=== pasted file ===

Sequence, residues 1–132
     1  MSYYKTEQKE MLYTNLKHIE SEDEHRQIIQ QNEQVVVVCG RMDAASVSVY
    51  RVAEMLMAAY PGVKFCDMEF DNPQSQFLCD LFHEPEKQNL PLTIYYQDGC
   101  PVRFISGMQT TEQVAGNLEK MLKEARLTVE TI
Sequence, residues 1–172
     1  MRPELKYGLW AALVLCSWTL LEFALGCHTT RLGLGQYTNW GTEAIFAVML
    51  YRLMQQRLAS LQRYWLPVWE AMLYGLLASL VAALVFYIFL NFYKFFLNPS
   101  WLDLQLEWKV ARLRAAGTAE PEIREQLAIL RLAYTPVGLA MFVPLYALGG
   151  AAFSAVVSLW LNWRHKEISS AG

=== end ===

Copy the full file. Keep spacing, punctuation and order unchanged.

Sequence, residues 1–132
     1  MSYYKTEQKE MLYTNLKHIE SEDEHRQIIQ QNEQVVVVCG RMDAASVSVY
    51  RVAEMLMAAY PGVKFCDMEF DNPQSQFLCD LFHEPEKQNL PLTIYYQDGC
   101  PVRFISGMQT TEQVAGNLEK MLKEARLTVE TI
Sequence, residues 1–172
     1  MRPELKYGLW AALVLCSWTL LEFALGCHTT RLGLGQYTNW GTEAIFAVML
    51  YRLMQQRLAS LQRYWLPVWE AMLYGLLASL VAALVFYIFL NFYKFFLNPS
   101  WLDLQLEWKV ARLRAAGTAE PEIREQLAIL RLAYTPVGLA MFVPLYALGG
   151  AAFSAVVSLW LNWRHKEISS AG